Archive for parasites

Parasites – Who Gets ‘em & How?

Parasites – we all know some!  They’re the folks who don’t make their own living and live off of friends and family. Right? Well, Yes! That’s one way of looking at it.  But we’re talking about your health. So, we’re defining them here as those “usually” small critters that get into your body by various means and live off of you!

Who gets them? Well, unless you live in a sterile environment, you do. We all carry some parasites most of the time. By definition they are “animals or plants which must live on or in another plants or animals to survive.” Here are some of the ways you may pick up a parasite:

  • Do you have a pet? Pets are notorious for carrying ticks and fleas, but they eat most anything they can get hold of. And they don’t care about the health of their dietary consumables. Cats love mice, birds, squirrels, and all manner of bugs and carrion. Dogs are much the same, but add larger prey like moles, feces of other animals, and so on. You can bet they get a generous number of parasites. Most of us “worm” our pets at least once a year for this very reason. You pet them – that is why we call them “pets” – and some of the microscopic parasites get on you or under your fingernails, etc. You may have heard of ringworm as an example of these. They can enter through your skin.
  • If you live on a farm, you’re probably contact larger animals – cattle, horses, donkeys, goats, sheep, or other farm animals – and pick up a few of their parasites.
  • Many of us have read the labels on meat items that warn us not to consume under-cooked items. That is because of the many parasites that are present in the foods we eat. Thread worms and hookworms are common examples of these; they generally enter through your stomach or gut. They get in your food, enter your body when you consume that food, then live on your food or even parts of your body. Most worms enter the body as eggs from food sources, hatch and set up housekeeping as worms.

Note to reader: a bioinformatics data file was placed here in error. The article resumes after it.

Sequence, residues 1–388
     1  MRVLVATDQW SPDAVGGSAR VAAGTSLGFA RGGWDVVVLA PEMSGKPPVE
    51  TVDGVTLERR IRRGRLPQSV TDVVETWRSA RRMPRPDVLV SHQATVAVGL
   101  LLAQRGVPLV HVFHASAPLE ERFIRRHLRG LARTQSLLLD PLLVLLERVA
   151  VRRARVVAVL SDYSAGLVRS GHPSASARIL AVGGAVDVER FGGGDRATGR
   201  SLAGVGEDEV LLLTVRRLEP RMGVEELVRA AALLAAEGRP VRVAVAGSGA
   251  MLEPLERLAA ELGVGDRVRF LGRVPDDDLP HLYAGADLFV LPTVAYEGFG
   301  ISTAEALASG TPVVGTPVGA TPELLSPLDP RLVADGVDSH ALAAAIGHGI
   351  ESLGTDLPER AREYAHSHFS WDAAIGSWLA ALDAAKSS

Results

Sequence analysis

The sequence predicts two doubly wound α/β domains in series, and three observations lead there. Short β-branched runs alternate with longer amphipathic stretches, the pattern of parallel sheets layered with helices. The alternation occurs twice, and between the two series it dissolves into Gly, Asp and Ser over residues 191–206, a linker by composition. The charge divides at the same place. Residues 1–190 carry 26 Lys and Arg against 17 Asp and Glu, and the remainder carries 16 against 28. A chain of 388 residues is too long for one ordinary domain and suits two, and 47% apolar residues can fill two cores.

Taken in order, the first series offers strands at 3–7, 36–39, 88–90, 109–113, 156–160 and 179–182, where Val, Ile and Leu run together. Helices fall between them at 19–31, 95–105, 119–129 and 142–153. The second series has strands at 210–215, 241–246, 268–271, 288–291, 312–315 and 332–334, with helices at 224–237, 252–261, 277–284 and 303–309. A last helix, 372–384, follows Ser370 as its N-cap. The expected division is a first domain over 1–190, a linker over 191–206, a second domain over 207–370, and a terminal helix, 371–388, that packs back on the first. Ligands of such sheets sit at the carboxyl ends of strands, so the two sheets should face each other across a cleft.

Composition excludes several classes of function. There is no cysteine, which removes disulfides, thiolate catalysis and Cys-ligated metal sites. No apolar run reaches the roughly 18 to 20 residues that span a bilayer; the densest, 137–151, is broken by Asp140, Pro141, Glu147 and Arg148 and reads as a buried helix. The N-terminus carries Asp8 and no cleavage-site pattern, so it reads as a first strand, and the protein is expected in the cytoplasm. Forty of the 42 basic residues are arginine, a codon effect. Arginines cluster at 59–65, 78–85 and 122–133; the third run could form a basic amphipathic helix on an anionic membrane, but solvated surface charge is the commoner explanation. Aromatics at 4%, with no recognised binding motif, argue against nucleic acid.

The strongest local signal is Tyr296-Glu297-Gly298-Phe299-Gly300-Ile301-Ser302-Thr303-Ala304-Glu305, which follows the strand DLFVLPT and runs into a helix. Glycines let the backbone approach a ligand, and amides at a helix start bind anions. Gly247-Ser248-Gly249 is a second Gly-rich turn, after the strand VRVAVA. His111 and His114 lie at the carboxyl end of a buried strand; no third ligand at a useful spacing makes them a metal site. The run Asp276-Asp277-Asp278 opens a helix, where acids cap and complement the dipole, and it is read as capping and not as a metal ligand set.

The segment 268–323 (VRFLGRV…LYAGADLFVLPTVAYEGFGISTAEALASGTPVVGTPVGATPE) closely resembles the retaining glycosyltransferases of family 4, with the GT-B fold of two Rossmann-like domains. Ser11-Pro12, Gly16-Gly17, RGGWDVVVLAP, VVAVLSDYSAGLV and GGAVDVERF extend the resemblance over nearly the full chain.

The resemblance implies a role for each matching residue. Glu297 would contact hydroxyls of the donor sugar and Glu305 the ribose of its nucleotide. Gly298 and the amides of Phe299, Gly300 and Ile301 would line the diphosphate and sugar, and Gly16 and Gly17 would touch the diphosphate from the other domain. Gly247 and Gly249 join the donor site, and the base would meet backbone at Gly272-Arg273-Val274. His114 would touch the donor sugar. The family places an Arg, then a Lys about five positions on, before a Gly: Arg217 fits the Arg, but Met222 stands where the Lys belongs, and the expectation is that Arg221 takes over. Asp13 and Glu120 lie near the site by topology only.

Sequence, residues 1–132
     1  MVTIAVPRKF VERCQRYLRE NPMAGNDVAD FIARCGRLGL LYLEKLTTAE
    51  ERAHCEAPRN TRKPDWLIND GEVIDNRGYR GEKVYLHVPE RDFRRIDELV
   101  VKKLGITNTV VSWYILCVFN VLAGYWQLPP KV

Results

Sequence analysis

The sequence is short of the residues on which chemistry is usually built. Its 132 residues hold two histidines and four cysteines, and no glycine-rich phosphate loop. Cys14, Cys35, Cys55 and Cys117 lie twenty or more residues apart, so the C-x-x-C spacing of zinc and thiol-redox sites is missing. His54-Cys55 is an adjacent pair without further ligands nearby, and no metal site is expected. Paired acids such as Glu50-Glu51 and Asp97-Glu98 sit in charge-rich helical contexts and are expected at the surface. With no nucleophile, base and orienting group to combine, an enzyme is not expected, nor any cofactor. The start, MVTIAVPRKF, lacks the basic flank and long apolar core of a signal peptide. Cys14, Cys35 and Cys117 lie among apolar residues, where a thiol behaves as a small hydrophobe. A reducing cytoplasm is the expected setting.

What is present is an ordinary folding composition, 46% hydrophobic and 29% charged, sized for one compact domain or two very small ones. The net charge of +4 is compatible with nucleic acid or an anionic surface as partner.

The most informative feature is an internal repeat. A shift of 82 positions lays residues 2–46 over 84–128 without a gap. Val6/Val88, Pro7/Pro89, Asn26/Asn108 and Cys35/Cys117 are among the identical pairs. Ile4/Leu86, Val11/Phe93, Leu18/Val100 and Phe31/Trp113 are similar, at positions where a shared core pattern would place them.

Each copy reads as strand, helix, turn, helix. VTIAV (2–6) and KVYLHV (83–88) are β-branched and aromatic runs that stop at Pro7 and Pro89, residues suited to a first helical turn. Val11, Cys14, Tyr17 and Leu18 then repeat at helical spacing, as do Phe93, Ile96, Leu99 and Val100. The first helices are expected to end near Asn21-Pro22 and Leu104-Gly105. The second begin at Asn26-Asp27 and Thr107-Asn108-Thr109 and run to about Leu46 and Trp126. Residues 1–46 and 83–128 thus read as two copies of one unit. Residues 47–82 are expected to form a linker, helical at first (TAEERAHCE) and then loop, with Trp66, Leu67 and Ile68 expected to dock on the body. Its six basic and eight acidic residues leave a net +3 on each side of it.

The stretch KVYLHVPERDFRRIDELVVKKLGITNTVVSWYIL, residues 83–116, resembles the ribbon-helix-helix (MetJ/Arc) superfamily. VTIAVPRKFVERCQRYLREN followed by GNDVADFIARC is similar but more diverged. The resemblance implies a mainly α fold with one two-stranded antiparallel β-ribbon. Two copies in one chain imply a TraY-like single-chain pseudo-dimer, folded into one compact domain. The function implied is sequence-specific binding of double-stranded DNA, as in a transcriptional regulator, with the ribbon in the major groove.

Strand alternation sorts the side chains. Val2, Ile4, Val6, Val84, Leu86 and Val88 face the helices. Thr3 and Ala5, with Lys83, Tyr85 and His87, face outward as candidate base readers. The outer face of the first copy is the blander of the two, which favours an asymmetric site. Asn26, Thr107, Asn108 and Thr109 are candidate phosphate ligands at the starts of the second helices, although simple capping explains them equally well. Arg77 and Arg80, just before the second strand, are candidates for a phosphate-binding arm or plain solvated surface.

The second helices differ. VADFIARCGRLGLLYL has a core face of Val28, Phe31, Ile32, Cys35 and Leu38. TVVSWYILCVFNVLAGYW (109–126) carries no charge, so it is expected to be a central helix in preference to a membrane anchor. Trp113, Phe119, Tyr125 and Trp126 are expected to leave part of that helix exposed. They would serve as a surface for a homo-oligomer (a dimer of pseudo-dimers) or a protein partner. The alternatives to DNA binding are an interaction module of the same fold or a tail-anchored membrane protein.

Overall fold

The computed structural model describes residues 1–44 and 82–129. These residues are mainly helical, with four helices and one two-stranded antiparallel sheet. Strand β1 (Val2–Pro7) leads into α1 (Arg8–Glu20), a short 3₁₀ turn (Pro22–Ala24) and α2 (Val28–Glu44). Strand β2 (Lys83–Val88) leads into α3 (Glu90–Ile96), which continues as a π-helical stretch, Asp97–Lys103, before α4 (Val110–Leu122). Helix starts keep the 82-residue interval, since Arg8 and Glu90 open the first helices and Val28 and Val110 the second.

• Others may live in your hair or on your body. Examples are head lice and crab lice; we all know of folks who talk about “getting crabs”.
  • And many parasites are called protozoa – small, single-celled animals that can move about on their own. They are not usually visible to the naked eye and require a microscope to be seen. An example which many of us have heard of is Giardia lamblia – which can cause disease.
  • And watch where you walk around barefooted. Many parasites are spread by having their eggs leave an infected body through feces. Inadequate waste processing, or the lack of processing, may allow the eggs to get into our food or water supply, allowing further ingestion by another person.

A list of the most common parasitic infections includes Giardiasis, hookworm infections, thread worm (also called pin worm) infections, tapeworm infections, scabies on the skin (caused by a mite), and pediculosis (caused by head lice).

What can you do to lessen the attacks by parasites? Stay clean. Wash with soap (preferably with an antibiotic) after any suspected exposure. Don’t drink from unprocessed or unfamiliar open water supplies. Cook meats thoroughly. Wash fruits and vegetables before ingesting them. Use proper sanitation at all times when possible.

There are many herbs, teas, supplements and essential oils to assist your body in putting up a good fight against parasites. We’ll discuss them in another blog. Stay aware of the fact that parasites are common and always looking for a host. Their survival depends on it.